Our first premiere of this season is the Repertoire La Sylphide by Peter SchaufussLa Sylphide is a romantic ballet in two acts and it is known as one of the
La Sylphide is a romantic ballet in two acts and it is known as one of the world’s oldest’s surviving ballets. The first version ever made premiered on March 12, 1832, at the Paris Opera. It was choreographed by Filippo Taglioni with music by Jean-Madeleine Schneitzhoeffer. Taglioni choreographed this ballet to showcase his daughter Marie, and it was the first time in history where dancing on point had an aesthetic to it, rather than just being an acrobatic stunt. In fact, Marie developed such excellent pointe work that in order to showcase it she shortened her skirts for the performances, causing quite a scandal at the time. Taglioni’s original choreography has since be lost.
Luckily, on November 28, 1836, August Bournonville premiered his own version of the Ballet inspired in the original Libretto but with music by Herman Severin Løvenskiold. It is said that Bournoville tried to bring a revival of Taglioni’s original choreography to the Royal Danish Ballet but was unwilling to pay the very high price Paris Opera wanted to charge for the original music scores. This version has been danced in its original form by the Royal Danish Ballet ever since its creation and it is one of his most famous works.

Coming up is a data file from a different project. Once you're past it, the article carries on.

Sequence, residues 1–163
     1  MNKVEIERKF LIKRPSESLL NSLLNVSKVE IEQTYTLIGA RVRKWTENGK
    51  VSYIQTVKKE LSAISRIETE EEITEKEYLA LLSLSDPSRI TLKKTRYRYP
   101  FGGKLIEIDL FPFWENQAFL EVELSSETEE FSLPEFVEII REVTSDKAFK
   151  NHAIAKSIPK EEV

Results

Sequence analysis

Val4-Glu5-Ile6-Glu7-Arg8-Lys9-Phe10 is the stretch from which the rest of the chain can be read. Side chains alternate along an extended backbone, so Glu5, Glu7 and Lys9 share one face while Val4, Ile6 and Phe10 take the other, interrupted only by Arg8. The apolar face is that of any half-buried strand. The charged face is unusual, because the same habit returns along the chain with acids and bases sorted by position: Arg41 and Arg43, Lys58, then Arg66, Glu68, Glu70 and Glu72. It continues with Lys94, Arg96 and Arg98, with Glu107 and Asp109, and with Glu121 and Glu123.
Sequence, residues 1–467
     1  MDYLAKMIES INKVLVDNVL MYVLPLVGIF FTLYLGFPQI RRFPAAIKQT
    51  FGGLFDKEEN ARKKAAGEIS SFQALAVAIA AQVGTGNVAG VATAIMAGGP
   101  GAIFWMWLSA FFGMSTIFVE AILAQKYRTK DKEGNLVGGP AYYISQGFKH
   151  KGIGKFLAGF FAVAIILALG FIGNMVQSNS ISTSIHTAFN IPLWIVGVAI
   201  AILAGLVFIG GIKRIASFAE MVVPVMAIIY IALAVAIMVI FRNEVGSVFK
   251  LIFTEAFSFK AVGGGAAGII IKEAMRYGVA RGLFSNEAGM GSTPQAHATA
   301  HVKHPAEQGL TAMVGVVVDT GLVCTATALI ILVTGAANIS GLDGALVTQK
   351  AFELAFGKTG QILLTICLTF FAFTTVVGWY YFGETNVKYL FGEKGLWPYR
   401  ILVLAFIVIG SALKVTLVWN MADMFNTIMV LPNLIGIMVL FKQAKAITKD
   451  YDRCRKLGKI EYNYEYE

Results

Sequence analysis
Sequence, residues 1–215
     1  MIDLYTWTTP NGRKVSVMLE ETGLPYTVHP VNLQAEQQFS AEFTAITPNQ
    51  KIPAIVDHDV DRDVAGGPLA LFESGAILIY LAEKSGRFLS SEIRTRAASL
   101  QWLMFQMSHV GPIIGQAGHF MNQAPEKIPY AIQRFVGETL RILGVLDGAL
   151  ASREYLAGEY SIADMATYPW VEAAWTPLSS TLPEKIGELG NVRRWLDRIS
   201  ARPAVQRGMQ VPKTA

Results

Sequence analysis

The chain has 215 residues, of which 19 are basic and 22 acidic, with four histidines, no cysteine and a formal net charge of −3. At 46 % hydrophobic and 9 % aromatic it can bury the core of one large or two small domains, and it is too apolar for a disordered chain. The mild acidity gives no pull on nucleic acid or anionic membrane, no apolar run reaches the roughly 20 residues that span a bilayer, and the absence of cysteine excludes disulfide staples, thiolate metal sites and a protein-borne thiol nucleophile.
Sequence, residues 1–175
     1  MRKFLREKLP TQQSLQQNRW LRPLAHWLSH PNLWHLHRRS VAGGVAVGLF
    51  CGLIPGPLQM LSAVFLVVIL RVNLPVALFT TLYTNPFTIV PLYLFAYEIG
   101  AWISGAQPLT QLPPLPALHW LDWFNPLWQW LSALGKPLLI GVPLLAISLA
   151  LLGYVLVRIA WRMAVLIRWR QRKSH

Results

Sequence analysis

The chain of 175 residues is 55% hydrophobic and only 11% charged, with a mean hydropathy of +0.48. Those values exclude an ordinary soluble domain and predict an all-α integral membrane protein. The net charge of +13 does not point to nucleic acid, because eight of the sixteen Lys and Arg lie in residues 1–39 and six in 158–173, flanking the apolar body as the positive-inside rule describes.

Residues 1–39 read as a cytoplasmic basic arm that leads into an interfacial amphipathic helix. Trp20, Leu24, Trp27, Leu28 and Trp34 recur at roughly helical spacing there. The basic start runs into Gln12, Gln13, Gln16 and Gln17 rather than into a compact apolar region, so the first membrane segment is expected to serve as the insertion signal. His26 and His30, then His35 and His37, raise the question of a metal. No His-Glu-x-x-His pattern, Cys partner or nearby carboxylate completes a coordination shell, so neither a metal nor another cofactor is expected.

Our version of La Sylphide has been choreographed by the danish dancer Peter Schaufuss. Schaufuss was trained at the Royal Danish Ballet School and after a short time with The Royal Danish Ballet, he was invited to join London Festival Ballet, now known as English National Ballet, where he staged his first version of La Sylphide in 1979. Schaufuss has worked as a dancer, director, and choreographer worldwilde, and for the next couple of weeks, we have the honor to be working with him and his son Luke Schaufuss on La Sylphide.
The ballet tells the story of a young Scotsman, James, who in the morning of his wedding day, falls in love with a vision of a magical sylph (a mythological air spirit). An old witch appears before him, predicting that he will betray his fiancee. Although enchanted by the sylph, James disagrees, sending the witch away. All seems fine as the wedding begins. But as James begins to put the ring on his fiancee’s finger, the beautiful sylph suddenly appears and snatches it away from him. James abandons his own wedding, running after her. He chases the sylph into the woods, where he again sees the old witch. She offers James a magical scarf. She tells him that the scarf will bind the sylph’s wings, enabling him to catch her for himself. James is so enamoured by the sylph that he wishes to catch her and keep her forever. James decides to take the magical scarf. He wraps it around the sylph’s shoulders, but when he does, the Sylph’s wings fall off and she dies. James is left all alone, heartbroken. He then watches his fiancee marry his best friend.
To have a better look of the ballet here is a video of Carla Fracci and Peter Schaufuss from 1987. Fun fact, Carla Fracci was a youthful 51 year old at the time of filming 🙂 Have Fun!